Non-compliance with Building Control regulations is a significant project risk that can prevent the completion and occupation of a building project. Construction visualisations and simulations can help mitigate this risk by supporting pre-inspection activities. The project team member or third-party certifier can use the information to prepare for inspections and maximise time on-site. As with other aspects on integrating BIM and Building Control, model quality is critical. If the as-built condition does not reflect the model or sequence of works, the value of using BIM to support inspections is reduced.
The primary purpose of Building Control is public safety. Compliance with relevant regulations has to be the number one Building Control priority for project teams. However, the project delivery risks associated with the Building Control process also need to be addressed. Both of these priorities can be aided by integrating BIM and the cost of achieving these benefits would need to be assessed. Key points that inform the value assessment include:
Project team capabilities
The skills and technology available to the project team will help determine the level of BIM / Building Control integration that is possible. If a project team doesn’t have the experience, software, or hardware to efficiently produce construction simulations, it is not practical to incorporate them into Building Controls processes. Project team capability is the primary factor in developing a value proposition for integrating BIM and Building Control.
Some methods for integrating BIM and Building Control require additional modelling. Firestopping is an example where effort is required to model and coordinate a scope of work that may not be explicitly required by an employer. The effort required to produce firestopping model information needs to deliver a benefit to the project team. Computational modelling techniques like Dynamo can help with the heavy lifting, but additional effort is still required. If models will be used to communicate firestopping requirements or support firestopping inspections, then there is a benefit in mitigating project risk and streamlining inspections that would need to be weighed against the cost of model production.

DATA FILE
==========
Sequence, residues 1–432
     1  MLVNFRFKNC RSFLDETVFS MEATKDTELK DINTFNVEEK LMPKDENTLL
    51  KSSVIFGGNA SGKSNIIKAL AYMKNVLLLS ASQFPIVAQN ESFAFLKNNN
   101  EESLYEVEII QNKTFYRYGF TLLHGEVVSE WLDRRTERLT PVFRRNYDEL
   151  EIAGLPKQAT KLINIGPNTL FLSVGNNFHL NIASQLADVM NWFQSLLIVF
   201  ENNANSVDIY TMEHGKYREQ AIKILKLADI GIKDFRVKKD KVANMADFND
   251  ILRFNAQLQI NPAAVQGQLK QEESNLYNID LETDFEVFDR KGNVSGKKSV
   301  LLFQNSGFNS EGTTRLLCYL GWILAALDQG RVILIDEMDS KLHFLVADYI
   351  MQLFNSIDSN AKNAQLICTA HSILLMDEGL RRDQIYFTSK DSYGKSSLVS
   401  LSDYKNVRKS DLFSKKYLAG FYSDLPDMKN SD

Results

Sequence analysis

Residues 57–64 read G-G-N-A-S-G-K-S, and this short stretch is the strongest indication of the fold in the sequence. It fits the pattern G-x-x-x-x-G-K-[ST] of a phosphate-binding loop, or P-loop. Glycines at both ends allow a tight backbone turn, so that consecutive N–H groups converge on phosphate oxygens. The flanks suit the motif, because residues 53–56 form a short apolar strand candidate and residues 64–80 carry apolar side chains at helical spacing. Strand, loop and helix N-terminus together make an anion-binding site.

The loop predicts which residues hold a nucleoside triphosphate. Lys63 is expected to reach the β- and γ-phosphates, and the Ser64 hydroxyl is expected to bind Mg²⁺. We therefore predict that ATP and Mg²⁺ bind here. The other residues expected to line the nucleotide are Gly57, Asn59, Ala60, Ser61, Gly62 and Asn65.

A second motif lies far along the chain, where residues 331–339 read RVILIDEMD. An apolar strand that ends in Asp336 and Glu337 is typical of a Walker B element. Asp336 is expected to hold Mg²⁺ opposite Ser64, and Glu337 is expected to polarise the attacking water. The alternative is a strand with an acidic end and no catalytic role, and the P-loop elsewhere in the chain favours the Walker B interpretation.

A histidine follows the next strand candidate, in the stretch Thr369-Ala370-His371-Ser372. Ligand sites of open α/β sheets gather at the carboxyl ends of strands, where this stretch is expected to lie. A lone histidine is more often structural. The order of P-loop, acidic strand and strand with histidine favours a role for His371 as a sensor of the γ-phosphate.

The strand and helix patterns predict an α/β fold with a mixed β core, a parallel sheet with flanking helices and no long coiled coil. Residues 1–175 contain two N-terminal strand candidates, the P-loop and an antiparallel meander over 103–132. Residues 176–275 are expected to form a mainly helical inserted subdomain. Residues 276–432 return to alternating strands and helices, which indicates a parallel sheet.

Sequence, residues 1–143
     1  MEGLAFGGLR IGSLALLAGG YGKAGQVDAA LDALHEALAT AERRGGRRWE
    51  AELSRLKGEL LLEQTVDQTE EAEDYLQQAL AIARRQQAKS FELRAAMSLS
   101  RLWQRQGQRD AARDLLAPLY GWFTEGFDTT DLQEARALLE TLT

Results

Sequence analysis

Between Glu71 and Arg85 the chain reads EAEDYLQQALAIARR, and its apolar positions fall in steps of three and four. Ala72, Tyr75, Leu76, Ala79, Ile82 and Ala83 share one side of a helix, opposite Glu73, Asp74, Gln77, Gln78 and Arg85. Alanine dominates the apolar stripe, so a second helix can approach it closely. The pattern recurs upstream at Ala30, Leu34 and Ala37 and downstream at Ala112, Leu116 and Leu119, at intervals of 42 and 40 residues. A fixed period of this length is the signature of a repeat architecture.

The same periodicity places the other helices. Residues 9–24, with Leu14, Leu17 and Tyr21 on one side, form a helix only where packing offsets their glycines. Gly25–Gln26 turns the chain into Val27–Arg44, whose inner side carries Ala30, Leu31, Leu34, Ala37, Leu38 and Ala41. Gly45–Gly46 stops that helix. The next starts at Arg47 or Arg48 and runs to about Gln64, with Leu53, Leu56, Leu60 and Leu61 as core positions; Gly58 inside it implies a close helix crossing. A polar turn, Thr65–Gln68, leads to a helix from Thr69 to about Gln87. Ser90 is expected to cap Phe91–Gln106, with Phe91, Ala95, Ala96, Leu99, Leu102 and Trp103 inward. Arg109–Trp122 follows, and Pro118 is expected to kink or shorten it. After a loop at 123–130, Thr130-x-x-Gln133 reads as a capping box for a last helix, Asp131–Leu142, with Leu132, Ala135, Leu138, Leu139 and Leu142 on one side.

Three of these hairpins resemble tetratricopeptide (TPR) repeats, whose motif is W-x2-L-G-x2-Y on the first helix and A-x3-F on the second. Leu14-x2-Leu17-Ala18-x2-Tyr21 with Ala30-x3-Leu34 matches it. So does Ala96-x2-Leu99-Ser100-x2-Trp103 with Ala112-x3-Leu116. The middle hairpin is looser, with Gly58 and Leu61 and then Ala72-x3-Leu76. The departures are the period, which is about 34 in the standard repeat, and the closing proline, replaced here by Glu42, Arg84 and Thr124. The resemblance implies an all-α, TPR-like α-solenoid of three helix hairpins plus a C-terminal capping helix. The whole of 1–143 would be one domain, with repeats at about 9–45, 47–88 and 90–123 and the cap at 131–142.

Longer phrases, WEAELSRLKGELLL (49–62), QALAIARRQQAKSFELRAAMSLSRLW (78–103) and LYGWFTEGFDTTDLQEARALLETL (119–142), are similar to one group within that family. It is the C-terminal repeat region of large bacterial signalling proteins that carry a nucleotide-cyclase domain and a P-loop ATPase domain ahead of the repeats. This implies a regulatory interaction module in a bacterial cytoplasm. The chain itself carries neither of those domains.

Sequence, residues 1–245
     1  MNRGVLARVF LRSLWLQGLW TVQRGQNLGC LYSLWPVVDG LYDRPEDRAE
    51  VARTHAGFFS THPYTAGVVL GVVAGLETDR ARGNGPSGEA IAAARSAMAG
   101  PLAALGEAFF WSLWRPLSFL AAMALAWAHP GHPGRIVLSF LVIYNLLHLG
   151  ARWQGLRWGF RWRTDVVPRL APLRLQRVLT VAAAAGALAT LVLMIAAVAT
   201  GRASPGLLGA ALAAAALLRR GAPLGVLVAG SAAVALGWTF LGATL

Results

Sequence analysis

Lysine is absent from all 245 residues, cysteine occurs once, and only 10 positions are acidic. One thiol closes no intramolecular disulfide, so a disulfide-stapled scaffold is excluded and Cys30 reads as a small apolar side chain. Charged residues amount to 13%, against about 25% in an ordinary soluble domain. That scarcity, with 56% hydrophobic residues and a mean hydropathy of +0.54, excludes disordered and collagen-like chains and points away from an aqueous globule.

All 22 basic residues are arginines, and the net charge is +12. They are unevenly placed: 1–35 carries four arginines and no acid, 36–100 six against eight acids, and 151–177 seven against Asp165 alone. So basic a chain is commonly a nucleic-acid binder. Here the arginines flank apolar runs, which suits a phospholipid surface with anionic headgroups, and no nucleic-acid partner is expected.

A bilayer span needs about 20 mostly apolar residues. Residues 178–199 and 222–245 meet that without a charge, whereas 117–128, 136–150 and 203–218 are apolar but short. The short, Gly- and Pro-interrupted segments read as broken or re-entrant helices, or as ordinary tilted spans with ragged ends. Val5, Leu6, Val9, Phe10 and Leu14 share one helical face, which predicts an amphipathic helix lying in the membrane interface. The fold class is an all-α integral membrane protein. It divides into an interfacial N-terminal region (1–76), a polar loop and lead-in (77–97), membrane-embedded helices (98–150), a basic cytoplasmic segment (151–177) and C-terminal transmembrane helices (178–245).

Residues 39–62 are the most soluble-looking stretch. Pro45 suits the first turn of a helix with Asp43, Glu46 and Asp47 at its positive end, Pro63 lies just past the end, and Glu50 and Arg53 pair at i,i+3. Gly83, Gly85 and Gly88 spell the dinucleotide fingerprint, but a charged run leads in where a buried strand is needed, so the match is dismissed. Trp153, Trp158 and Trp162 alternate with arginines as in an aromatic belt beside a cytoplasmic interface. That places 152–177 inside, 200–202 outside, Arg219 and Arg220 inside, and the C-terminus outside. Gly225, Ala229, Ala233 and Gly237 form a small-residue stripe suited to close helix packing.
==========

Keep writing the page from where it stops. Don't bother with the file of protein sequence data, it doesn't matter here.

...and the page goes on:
Identifying Building Control use cases for existing models and deliverables improves the value proposition for integrating BIM. However, there may be additional work required to enhance an existing model for Building control uses. For example, a constructability simulation used for site logistics will require a more detailed approach for a Building Control constructability simulation. While enhancing an existing simulation methodology may only require minor adjustments, the time needed to revise and manage the new level of simulation should be considered.
Automated checking opens up a number of possibilities for integrating BIM and Building control. The time required to establish and test model checker rulesets should be considered. Time also needs to be allocated for reviewing model checking results.
One more thing…
Integrating BIM and Building Control processes is a use case that teams should consider during project planning stages. Building Control risk mitigation can be aligned with other project activities and addressed over a project lifecycle through BIM. The effort required to integrate BIM and Building Control does need to be assessed against its cost, which will primarily be driven by team capabilities. While the technology required to integrate BIM and Building Control exists, new tools and approaches keep this topic open for future consideration.